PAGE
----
New Zealand

How Times Have Changed – Our Rainbow History

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New Zealand won Mr. Gay World for the first time in 2012
express Magazine
Written by express Magazine

Gareth Watkins looks back at the events that shaped our rainbow community.

17 July 1867

Hon. John Richardson introduced the Offences Against the Person Bill in Parliament. Under the heading of Unnatural Offences, a person convicted of the “abominable crime of buggery” (e.g. sodomy) could be imprisoned for life.  This related to the act being committed with a person or an animal. Attempted buggery or any “indecent assault” on a male could see a person imprisoned with hard labour.

22 July 1929

The Evening Post reported on a talk given by Dr Jessie Scott entitled The Adolescent Girl. Presenting to the Christchurch branch of the Parents’ National Education Union, Dr Scott talked about how girls between the ages of 11 and 16 could experience a “homosexual stage” where they showed great affection for members of their own sex – often for women much older than themselves. This developmental stage was then closely followed by the heterosexual stage. Dr Scott warned that if these developmental stages were delayed it could cause abnormality, ill-health, weakness or instability of character in adult life.

9 July 1974

Soon-to-be politician Marilyn Waring signed up as a member of the Young Nationals.  The action was in response to reading the front page of that morning’s newspaper which reported Labour Prime Minister Norman Kirk as saying that he would oppose any legislation that treated homosexuality as “normal behaviour.” Kirk’s comment followed the news that National Party MP Venn Young was planning to introduce a bill to decriminalise homosexuality activity.  Young’s bill was the first political attempt at homosexual law reform in New Zealand.  However, it wouldn’t be until 9 July 1986 that law reform would be achieved – this time championed by Labour MP Fran Wilde.

10 July 1981

Wellington Mayor Michael Fowler was picketed by members of the Solidarity group during a visit to San Francisco. The picketers chanted “Fowler go home” and held signs saying “No sister city, no deals with homophobes.” At the time, Fowler was trying to establish a sister-city relationship with San Francisco that would have increased trade and business opportunities. However, word had come from New Zealand that the Mayor had earlier backed a Wellington City Council ban on the Lesbian Centre advertising on local buses. When asked why the council’s transport committee had banned the adverts, Fowler said that it was “to not encourage deviations from the norm.”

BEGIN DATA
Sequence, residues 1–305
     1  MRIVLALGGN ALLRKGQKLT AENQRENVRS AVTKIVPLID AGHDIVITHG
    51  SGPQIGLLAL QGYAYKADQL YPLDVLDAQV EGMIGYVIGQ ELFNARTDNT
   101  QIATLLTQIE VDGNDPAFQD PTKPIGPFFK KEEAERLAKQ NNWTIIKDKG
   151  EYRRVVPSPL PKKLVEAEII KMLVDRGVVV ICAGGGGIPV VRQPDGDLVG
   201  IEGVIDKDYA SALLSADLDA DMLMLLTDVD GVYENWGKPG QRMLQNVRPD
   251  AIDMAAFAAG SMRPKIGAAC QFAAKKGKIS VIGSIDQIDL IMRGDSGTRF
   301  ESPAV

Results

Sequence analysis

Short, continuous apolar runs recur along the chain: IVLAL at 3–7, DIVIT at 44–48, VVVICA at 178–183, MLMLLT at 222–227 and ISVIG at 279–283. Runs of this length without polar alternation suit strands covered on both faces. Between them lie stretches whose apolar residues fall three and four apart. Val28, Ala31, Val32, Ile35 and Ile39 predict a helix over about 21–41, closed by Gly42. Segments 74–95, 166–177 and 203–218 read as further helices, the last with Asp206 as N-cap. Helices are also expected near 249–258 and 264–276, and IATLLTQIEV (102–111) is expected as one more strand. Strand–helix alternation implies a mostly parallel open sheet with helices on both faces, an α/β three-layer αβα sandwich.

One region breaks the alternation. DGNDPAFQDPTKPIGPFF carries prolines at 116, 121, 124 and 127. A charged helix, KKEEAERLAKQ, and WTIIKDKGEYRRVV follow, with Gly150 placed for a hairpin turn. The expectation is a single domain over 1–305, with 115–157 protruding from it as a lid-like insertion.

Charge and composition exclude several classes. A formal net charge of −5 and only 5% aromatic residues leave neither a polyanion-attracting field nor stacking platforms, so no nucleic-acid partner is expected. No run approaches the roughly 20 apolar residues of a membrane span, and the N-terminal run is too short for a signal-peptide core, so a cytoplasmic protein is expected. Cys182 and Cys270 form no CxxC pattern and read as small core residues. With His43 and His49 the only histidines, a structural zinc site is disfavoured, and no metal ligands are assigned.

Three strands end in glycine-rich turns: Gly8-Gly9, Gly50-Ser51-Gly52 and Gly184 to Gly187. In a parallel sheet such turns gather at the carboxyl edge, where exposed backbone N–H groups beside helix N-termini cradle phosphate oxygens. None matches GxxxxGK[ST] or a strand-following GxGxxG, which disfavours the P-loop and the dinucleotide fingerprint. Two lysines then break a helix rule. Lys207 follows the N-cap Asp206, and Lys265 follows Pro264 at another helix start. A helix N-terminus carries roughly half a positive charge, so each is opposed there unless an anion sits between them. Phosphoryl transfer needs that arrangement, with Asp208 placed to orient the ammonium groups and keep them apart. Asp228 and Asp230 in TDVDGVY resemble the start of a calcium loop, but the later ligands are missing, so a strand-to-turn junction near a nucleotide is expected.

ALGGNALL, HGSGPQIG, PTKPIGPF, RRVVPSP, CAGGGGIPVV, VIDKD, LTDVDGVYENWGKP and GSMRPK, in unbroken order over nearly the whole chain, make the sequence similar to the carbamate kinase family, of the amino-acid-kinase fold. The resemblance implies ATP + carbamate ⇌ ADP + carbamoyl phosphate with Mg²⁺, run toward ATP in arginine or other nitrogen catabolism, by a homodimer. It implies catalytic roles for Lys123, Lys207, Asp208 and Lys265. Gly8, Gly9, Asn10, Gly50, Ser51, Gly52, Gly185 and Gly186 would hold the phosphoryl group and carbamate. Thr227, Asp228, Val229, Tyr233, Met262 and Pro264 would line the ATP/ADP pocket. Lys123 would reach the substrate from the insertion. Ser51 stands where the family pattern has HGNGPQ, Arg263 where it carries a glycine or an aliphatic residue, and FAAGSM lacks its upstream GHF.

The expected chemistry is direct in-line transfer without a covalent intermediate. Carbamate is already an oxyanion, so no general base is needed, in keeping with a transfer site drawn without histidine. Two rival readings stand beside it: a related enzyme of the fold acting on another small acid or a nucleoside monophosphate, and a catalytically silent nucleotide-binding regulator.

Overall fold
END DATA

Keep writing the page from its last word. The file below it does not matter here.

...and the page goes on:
2 July 2003

A TVNZ broadcast at 9.30pm of Reel Life: The Truth about Lesbian Sex generated both large audience numbers and complaints to the Broadcasting Standards Authority.  An estimated 382,000 viewers watched the documentary which explored lesbian relationships and provided “graphic instruction on how to achieve sexual gratification with and without the use of various sexual aids.” Media reported that talk radio was bombarded with irate callers, while the BSA received formal complaints – both about the programme and its promotion.  One person complained about an advert which featured the comment “The truth about lesbian sex for me is that I am having the best sex that I have ever had in my entire life.”  Another person complained that the programme inappropriately encouraged lesbian sex as an exciting and viable alternative to heterosexual sex. Both complaints were not upheld by the BSA.

10 July 2009

Tourist Ferdinand Ambach was found guilty of the manslaughter of Auckland pensioner Ronald Brown.  Brown was found in his flat with part of a banjo forced down his throat.  He had also been bashed and bludgeoned multiple times with a dumbbell. Originally charged with murder, Ambach successfully used the provocation (gay panic) defence, claiming Brown had made an unwanted homosexual advance.  Ambach was one of the last people to successfully use this form of defence in New Zealand – with Parliament passing the Crimes (Provocation Repeal) Amendment Act in November 2009.  Ambach was sentenced to twelve years of imprisonment.  He was released in 2016, after serving eight years and immediately deported back to Hungary.  He cannot re-enter New Zealand until after his parole period ends on 9 December 2019.

About the author

express Magazine

express Magazine

express is New Zealand's leading LGBT+ publication. Our goal is to inform and support our community by delving into relevant people, stories and events.

GJ Gardner Maxi 8 May – 31 July 2018

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